Department of Fish & Wildlife: How to Help Kentucky’s Bats
Bats get a bad rap, but our little furry flying friends are actually a big part of our ecosystem, and did you know many species are endangered? There are some ways to help!
Bats May Look Spooky, But They Aren't
Our winged friends may be well known in horror movies and Halloween decor (and for that one incident with Ozzy Osbourne IYKYK), but did you know bats are actually pollinators?
USDA.gov had this to say about bats:
Most people associate pollination with bees and birds but often forget the work of their furry colleagues: bats. Bats take the night shift, playing a major role in pollinating crops and spreading seeds.
So these guys may have a spooky look, but they're really important for our environment.
Kentucky Department of Fish & Wildlife: Bat Conservation is Important
Recently Kentucky Department of Fish & WIldlife took to Facebook to share some cool bat facts. Here's what their Facebook post says:
There are over 1,400 bat species known worldwide and are found on every continent except Antarctica.Bats are NOT BLIND; they have excellent hearing and good eyesight.Bats are the ONLY mammal that can fly by their own power.Bats pollinate and disperse seeds for many important plants including agave fruit (tequila), carob, and cloves.On a typical night, insectivorous bats consume their own weight in insect prey- providing excellent, natural pest control!Almost 40% of bat species in North America are in severe decline and some are already listed as threatened or endangered.****What can YOU do to HELP? Provide good bat habitat on your land- minimize tree clearing, protect streams and wetlands, plant a pollinator garden and provide a water source; consider placing a bat house. ALSO - join Kentucky Wild! Funds from Kentucky Wild memberships help purchase field gear used to study and monitor Kentucky’s bats.CLICK TO JOIN: https://app.fw.ky.gov/kywild/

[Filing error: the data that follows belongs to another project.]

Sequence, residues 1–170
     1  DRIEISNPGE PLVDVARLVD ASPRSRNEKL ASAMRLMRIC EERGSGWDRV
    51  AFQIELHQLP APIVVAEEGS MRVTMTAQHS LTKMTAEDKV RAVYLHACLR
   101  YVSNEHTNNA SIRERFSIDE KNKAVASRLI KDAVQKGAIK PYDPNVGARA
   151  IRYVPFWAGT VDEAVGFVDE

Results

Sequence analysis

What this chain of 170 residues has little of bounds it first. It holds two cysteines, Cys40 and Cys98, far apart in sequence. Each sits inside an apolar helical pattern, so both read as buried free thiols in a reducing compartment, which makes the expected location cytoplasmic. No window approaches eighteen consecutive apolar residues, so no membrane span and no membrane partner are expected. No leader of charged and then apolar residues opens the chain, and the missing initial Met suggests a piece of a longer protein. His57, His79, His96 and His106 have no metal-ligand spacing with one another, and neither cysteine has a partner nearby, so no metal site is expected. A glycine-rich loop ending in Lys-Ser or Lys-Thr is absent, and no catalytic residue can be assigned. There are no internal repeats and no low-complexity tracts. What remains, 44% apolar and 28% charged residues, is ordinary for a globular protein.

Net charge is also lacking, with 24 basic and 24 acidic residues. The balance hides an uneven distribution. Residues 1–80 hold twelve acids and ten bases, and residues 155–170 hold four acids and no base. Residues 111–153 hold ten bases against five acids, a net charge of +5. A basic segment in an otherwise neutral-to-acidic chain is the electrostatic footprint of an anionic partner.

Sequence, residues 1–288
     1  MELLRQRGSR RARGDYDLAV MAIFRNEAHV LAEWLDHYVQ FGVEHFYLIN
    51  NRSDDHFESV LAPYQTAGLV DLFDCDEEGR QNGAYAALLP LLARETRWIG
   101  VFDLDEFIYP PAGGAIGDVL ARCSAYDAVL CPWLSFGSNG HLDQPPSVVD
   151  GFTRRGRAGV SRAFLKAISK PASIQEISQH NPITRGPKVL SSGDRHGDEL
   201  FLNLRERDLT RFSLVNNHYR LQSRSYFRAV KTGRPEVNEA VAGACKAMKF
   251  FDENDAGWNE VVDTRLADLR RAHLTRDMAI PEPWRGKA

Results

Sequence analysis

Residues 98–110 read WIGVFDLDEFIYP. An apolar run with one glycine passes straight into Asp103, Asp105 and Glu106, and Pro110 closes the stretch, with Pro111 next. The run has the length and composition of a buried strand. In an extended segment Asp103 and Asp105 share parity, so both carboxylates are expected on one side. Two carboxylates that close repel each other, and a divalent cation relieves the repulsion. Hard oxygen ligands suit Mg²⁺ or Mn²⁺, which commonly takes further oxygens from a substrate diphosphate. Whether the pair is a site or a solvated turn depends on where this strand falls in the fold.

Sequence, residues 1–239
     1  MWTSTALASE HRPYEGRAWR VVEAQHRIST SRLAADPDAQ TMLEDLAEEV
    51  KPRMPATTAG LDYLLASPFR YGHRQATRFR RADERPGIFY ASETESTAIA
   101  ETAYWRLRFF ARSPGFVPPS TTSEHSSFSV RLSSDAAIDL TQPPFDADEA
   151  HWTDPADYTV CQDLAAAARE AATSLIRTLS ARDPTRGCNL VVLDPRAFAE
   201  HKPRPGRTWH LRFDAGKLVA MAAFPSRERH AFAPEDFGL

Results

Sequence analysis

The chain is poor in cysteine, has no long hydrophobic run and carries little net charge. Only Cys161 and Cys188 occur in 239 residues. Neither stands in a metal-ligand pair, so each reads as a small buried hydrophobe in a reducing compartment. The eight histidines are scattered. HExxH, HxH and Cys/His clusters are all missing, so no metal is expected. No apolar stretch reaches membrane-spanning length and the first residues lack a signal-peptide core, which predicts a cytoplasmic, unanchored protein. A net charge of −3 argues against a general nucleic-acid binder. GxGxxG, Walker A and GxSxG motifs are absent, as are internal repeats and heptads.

If you're interested in learning more about bats, you can check out all the information on them through Kentucky Fish & Wildlife's website, here. They have a lot of really good information, as well as answers to questions like what should you do if a bat gets into your house, etc...